Once a synthase of the present invention is expressed, the protein obtained therefrom can be purified so that structural analysis, modeling, and/or biochemical analysis can be performed, as exemplified herein. The nature of the protein obtained can be dependent on the expression system used. For example, genes, when expressed in mammalian or other eukaryotic cells, may contain latent signal sequences that may result in glycosylation, phosphorylation, or other post-translational modifications, which may or may not alter function. Therefore, a preferred embodiment of the present invention is the expression of mutant synthase genes in E. coli cells. Once said proteins are expressed, they can be easily purified using techniques common to the person having ordinary skill in the art of protein biochemistry, such as, for example, techniques described in Colligan et al, (1997) Current Protocols in Protein Science, Chanda, V. B., d., John Wiley & Sons, Inc., which is incorporated by reference herein. Such techniques often include the use of cation-exchange or anion-exchange chromatography, gel filtration-size exclusion chromatography, and the like. Another technique that may be commonly used is affinity chromatography. Affinity chromatography can include the use of antibodies, substrate analogs, or histidine residues (His-tag technology).
Expression of 2-Pyrone Synthase in Plants
Plants (including isolated plant cells) may be modified to express a 2-pyrone synthase variant (e.g., a variant comprising one or more mutations described herein). A transgenic plant, or population of such plants, expressing a 2-pyrone synthase variant transgene (e.g., a 2-pyrone synthase variant polypeptide or 2-pyrone synthase variant nucleic acid molecule) are useful in the methods of the invention. If desired, a plant expressing a 2-pyrone synthase variant of the invention includes one or more other transgenes.
In one embodiment, a 2-pyrone synthase variant nucleic acid molecule is expressed by a stably-transfected plant cell line, a transiently-transfected plant cell line, or by a transgenic plant. A number of vectors suitable for stable or extrachromosomal transfection of plant cells or for the establishment of transgenic plants are available to the public; such vectors are described in Pouwels et al. (supra), Weissbach and Weissbach (supra), and Gelvin et al. (supra). Methods for constructing such cell lines are described in, e. g., Weissbach and Weissbach (supra), and Gelvin et all. (supra).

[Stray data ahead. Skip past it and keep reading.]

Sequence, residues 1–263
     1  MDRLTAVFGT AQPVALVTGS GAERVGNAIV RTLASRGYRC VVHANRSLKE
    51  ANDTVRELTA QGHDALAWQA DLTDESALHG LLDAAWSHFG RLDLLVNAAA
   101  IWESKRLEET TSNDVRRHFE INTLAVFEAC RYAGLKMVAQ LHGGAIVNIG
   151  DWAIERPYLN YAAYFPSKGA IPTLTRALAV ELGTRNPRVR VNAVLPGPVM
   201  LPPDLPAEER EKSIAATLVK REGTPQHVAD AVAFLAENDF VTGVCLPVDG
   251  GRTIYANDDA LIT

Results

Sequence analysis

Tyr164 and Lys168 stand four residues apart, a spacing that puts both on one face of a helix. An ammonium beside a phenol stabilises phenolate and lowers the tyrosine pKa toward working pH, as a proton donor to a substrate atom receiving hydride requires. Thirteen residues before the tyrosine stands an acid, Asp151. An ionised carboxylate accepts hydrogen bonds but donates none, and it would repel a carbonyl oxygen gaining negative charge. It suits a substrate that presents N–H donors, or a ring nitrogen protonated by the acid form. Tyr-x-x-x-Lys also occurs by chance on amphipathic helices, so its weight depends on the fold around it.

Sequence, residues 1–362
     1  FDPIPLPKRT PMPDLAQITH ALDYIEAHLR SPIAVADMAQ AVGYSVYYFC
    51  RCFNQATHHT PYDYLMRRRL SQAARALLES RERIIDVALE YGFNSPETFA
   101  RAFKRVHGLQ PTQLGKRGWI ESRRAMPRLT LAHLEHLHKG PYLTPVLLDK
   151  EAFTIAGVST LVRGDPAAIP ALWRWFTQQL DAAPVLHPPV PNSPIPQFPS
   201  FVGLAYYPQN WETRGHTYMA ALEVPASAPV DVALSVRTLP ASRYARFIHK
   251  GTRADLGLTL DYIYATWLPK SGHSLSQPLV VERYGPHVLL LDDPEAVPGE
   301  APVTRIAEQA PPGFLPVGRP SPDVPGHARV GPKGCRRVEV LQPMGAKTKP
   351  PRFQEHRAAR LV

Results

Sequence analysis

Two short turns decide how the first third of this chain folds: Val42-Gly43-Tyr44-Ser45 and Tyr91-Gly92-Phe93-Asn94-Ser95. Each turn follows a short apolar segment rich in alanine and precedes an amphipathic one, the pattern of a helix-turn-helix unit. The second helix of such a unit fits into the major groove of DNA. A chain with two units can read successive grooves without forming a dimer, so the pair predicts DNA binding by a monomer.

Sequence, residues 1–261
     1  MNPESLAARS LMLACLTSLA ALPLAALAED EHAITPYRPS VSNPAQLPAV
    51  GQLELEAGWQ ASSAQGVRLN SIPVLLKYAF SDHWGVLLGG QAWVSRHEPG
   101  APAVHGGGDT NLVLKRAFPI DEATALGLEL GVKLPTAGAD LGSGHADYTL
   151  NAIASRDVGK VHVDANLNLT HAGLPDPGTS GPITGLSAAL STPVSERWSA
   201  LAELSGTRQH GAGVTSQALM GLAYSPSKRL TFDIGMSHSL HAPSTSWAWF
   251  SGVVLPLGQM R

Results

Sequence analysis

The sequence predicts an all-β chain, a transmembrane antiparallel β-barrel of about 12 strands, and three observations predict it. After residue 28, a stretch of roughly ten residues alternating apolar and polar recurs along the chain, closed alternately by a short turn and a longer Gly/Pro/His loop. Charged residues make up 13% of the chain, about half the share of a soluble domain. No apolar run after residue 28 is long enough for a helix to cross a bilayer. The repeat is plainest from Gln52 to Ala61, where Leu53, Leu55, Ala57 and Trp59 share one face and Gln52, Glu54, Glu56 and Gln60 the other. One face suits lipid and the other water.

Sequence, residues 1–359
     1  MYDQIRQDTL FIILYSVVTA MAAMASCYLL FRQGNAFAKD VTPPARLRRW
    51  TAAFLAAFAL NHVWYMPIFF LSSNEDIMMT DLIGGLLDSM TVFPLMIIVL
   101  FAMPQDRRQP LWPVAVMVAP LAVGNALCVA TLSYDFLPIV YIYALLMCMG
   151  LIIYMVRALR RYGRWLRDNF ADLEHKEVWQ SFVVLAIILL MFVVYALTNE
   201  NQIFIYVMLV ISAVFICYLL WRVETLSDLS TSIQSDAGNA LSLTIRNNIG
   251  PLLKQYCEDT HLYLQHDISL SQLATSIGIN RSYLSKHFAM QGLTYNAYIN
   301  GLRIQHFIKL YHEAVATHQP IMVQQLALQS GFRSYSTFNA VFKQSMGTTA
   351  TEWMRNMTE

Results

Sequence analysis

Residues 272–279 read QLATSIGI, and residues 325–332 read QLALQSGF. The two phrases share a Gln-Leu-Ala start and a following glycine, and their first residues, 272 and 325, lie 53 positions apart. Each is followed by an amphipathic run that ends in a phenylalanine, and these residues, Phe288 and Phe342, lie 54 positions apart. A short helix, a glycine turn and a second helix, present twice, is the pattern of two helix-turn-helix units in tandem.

Typically, plant expression vectors include (1) a cloned plant gene under the transcriptional control of 5′ and 3′ regulatory sequences and (2) a dominant selectable marker. Such plant expression vectors may also contain, if desired, a promoter regulatory region (for example, one conferring inducible or constitutive, pathogen- or wound-induced, environmentally- or developmentally-regulated, or cell- or tissue-specific expression), a transcription initiation start site, a ribosome binding site, an RNA processing signal, a transcription termination site, and/or a polyadenylation signal. In one embodiment, a 2-pyrone synthase variant polypeptide is expressed, for example, in the glandular tricone tissue of a plant.
If desired, a 2-Pyrone synthase variant of the invention is modified to enhance expression in a desired plant or plant cell. In one embodiment, a non-coding flanking is subjected to mutagenesis. In one embodiment, a 2-pyrone synthase variant DNA sequence of the invention may, if desired, be combined with other DNA sequences in a variety of ways. A 2-Pyrone synthase DNA sequence of the invention may be employed with all or part of the gene sequences normally associated with a 2-Pyrone synthase protein. In its component parts, a DNA sequence encoding an 2-Pyrone synthase protein is combined in a DNA construct having a transcription initiation control region capable of promoting transcription and translation in a host cell.
In general, the constructs will involve regulatory regions functional in plants which provide for modified production of a 2-Pyrone synthase protein as discussed herein. The open reading frame coding for the 2-Pyrone synthase protein or functional fragment thereof will be joined at its 5′ end to a transcription initiation regulatory region. Numerous transcription initiation regions are available which provide for constitutive or inducible regulation. For applications where developmental, cell, tissue, hormonal, or environmental expression is desired, appropriate 5′ upstream non-coding regions are obtained from other genes, for example, from genes regulated during meristem development, seed development, embryo development, or leaf development.